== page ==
Step 1: Create an array of numbers
Step 2: Create a place to store the sum
Step 3: Take next number from the array
Step 4: Add it to the sum variable
Repeat 3 and 4 until none remain
Step 5: Print the sum

Code

number_list = [1,2,3,4,5]
sum = 0
for a_number in number_list:
sum = sum + a_number
print (sum)

Performance of Algorithms

Most algorithms work fine for small size of input.

Good algorithms continue to work well even as we increase the size of input.

Consider two algorithms to compute the sequence of factorials i.e. $1!$, $2!$ etc. up to $N!$.

Observe how the number of steps to complete Algorithm A increases at a much faster rate than the number of steps for Algorithm B, with increasing values of N.

Order of Growth - Big O - $\mathcal{O}_n$

Performance of algorithms is characterized by their Order of Growth (or Big-O or \(\mathcal{O}_n\)), which indicates how completion time (or memory used) grows with increasing size of inputs.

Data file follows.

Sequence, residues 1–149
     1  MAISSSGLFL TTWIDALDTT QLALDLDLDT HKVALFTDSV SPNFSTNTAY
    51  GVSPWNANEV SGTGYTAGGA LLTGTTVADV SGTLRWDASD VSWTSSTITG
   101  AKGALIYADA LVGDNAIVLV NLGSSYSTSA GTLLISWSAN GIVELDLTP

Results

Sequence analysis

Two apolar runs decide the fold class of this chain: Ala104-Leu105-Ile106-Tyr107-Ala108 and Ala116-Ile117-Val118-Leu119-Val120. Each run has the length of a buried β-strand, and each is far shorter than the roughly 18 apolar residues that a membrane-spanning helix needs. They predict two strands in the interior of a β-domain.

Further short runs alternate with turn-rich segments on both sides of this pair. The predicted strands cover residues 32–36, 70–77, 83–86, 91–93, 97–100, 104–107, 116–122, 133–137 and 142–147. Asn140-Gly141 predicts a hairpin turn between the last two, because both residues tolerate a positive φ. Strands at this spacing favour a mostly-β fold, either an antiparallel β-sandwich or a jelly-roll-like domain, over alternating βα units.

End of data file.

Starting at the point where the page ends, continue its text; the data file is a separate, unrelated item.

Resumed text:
CONSTANT \((\mathcal{O}_1)\) algorithms complete the task in the same amout of time, no matter the size of input. These are the best, but almost impossible to find.

LOGARITHMIC \((\mathcal{O}_{\log{}n})\) algorithms slow down at a very small rate with increasing size of input.

LINEAR \((\mathcal{O}_n)\) algorithms take time directly proportional to the size of input.

POLYNOMIAL \((\mathcal{O}_{n^k})\) algorithms take time proportional to a polynomial function (quadratic, cubic, etc.) of the size of input. These slow down significantly with increasing input size, but still complete within a reasonable time.

EXPONENTIAL \((\mathcal{O}_{e^n})\) algorithms require increasingly larger amounts of time for even small increases in the size of input. Beyond a certain input size, these do not complete within a reasonable time at all and hence mostly unusable.